How did ‘Juneteenth’ get its name?
The vagueness of -teenth might be intentional, to symbolize the way liberty was experienced, piecemeal, on different days as the news spread.
How did Juneteenth get its name? Last year, it became the newest federal holiday in the United States, although it has been observed in Texas and nearby states since 1866. As the Monitor reported, Juneteenth commemorates the day that enslaved people in Galveston, Texas, finally heard the news of their liberation.
President Abraham Lincoln had signed the Emancipation Proclamation in 1863, declaring that “all persons held as slaves” were henceforth free. (The proclamation actually freed enslaved people in much of the Confederacy, including Texas. It did not free those enslaved in Union states or border states. The 13th Amendment, ratified on Dec. 18, 1865, abolished slavery throughout in the U.S.)
It took until the summer of 1865 for news of the proclamation, and Union troops, to arrive in Texas. Maj. Gen. Gordon Granger gave the tidings on June 19, to much rejoicing. This day quickly became an unofficial, then official, state holiday.
Juneteenth is an interesting word, as it looks like one of the ordinal numbers, which designate a position in a series, such as eighth or 15th. (Cardinal numbers like 8 refer to quantity.) Here, though, the -teenth ending is stuck on the name of a month. According to historian Annette Gordon-Reed, the word is exactly what it looks like: a contraction of the month and day (June 19) when General Granger made his announcement. Historian Leslie Wilson hypothesizes that the vagueness of -teenth might be intentional, to symbolize the way liberty was experienced, piecemeal, on different days as the news spread.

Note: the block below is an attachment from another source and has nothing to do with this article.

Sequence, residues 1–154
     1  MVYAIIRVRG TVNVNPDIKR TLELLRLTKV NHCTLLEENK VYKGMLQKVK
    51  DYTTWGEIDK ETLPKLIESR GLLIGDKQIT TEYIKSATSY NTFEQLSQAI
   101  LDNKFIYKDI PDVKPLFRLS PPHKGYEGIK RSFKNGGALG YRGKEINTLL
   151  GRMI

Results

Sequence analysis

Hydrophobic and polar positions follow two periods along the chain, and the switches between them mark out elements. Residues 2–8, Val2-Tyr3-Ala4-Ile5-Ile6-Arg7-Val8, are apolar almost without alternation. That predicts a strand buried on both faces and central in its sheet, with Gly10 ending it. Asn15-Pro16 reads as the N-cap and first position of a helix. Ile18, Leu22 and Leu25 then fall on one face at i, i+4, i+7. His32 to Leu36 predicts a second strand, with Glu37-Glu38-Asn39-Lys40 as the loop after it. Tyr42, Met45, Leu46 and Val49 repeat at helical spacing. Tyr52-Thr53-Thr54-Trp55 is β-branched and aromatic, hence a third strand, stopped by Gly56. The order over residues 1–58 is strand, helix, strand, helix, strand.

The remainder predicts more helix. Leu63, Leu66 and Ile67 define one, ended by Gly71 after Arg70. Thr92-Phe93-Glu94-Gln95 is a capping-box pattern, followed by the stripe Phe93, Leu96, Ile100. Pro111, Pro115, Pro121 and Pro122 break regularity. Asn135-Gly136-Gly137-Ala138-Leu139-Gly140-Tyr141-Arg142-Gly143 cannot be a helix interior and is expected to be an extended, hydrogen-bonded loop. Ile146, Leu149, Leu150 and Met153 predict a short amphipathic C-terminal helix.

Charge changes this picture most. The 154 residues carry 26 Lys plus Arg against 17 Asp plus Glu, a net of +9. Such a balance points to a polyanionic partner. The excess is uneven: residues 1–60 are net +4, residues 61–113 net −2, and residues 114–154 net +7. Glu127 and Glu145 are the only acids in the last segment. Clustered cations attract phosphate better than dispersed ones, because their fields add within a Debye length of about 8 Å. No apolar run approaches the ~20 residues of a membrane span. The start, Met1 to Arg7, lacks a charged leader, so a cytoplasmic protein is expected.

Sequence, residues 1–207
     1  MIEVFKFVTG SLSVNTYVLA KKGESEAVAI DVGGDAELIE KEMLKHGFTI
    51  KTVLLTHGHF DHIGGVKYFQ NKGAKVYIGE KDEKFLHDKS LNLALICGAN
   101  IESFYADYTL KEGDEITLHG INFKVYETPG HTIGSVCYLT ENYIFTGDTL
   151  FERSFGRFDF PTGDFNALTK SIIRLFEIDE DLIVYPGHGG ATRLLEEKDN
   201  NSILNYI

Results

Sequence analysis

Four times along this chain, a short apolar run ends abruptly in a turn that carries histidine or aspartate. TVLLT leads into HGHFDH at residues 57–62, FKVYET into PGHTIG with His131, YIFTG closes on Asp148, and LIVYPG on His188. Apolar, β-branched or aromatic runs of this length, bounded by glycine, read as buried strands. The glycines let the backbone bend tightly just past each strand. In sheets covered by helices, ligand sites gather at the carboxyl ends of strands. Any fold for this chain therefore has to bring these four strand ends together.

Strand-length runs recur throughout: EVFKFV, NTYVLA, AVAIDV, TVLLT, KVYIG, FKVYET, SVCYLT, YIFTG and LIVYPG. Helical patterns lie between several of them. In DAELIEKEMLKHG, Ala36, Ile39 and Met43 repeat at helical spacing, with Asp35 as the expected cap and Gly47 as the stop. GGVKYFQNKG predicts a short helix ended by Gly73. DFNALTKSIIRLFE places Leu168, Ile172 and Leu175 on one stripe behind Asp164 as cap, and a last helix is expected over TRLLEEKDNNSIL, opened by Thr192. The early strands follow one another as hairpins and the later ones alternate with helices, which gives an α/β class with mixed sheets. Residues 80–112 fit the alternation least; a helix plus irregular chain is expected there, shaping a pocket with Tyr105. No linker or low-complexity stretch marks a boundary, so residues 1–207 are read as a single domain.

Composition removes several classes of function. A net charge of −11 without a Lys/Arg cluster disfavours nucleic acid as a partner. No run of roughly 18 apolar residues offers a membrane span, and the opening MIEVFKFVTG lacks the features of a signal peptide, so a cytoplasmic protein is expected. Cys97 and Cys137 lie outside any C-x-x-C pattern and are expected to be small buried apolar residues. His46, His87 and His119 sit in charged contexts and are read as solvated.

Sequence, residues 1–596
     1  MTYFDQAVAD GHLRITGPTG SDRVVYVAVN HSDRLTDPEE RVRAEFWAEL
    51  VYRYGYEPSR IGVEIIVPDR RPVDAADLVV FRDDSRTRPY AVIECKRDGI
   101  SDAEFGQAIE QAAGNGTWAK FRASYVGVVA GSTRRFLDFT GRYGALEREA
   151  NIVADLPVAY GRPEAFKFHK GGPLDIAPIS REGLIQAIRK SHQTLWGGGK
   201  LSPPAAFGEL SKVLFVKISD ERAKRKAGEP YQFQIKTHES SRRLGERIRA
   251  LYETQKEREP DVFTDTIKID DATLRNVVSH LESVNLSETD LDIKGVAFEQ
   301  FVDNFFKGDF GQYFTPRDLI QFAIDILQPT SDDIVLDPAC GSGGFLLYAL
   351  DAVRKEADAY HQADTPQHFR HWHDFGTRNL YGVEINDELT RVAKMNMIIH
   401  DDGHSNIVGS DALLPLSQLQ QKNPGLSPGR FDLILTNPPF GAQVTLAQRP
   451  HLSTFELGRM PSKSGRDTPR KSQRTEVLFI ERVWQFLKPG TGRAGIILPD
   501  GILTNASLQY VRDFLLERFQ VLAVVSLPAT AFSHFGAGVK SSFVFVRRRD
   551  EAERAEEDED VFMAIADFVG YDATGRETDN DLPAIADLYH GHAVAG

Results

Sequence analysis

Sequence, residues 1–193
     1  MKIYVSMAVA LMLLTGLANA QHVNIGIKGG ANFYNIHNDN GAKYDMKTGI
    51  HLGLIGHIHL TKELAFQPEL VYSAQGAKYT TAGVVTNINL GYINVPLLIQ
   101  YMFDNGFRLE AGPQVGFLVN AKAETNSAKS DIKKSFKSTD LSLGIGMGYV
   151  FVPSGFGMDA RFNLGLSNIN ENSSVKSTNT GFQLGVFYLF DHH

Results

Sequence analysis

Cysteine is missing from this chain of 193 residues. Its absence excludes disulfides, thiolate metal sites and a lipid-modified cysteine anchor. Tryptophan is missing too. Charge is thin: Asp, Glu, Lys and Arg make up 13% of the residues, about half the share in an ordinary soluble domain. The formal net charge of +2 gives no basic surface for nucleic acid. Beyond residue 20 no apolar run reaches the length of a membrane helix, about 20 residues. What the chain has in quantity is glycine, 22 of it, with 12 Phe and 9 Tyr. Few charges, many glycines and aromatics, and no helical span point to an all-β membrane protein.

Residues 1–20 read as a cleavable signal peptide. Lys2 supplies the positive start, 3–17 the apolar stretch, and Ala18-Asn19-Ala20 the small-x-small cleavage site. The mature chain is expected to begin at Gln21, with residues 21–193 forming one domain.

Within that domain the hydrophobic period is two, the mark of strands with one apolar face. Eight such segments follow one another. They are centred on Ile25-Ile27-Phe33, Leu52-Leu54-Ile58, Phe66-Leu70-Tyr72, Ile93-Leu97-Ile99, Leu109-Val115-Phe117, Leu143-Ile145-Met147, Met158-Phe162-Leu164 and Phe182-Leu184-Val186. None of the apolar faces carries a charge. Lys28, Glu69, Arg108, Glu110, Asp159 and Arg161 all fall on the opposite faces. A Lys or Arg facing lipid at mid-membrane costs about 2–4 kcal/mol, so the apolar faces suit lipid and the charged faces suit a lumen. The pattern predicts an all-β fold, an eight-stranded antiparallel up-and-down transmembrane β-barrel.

Though the holiday was immediately popular, the name Juneteenth wasn’t settled on for decades. An 1888 El Paso newspaper called it a “jubilee,” which, since the 14th century has come to mean “exultant joy ... public rejoicing.” Originally, though, the jubilee was the culmination of the 50-year cycle described in Leviticus, a year of “emancipation and restoration,” as Merriam-Webster puts it, when enslaved people would be set free.
Other names for the holiday were quite formal. An 1898 Brenham, Texas, paper reported on the Manumission Anniversary, while other cities marked Emancipation Day. Both of these words come from the same Latin root – manus (“hand”) signifying the authority of a father or a master. To manumit (manus + mittere) literally means “to release from the hand” – in Roman times manumittere referred to setting an enslaved person free from bondage. Manumission was used when the head of the family freed one of his enslaved people. Emancipation was when the head of the family freed one of his own adult children or his wife. They weren’t slaves, exactly, but they weren’t totally independent, either, being under his legal control.
Though all these names were used for the holiday in the past, Juneteenth is unique, invented by formerly enslaved Texans celebrating their newfound freedom. Happy Juneteenth!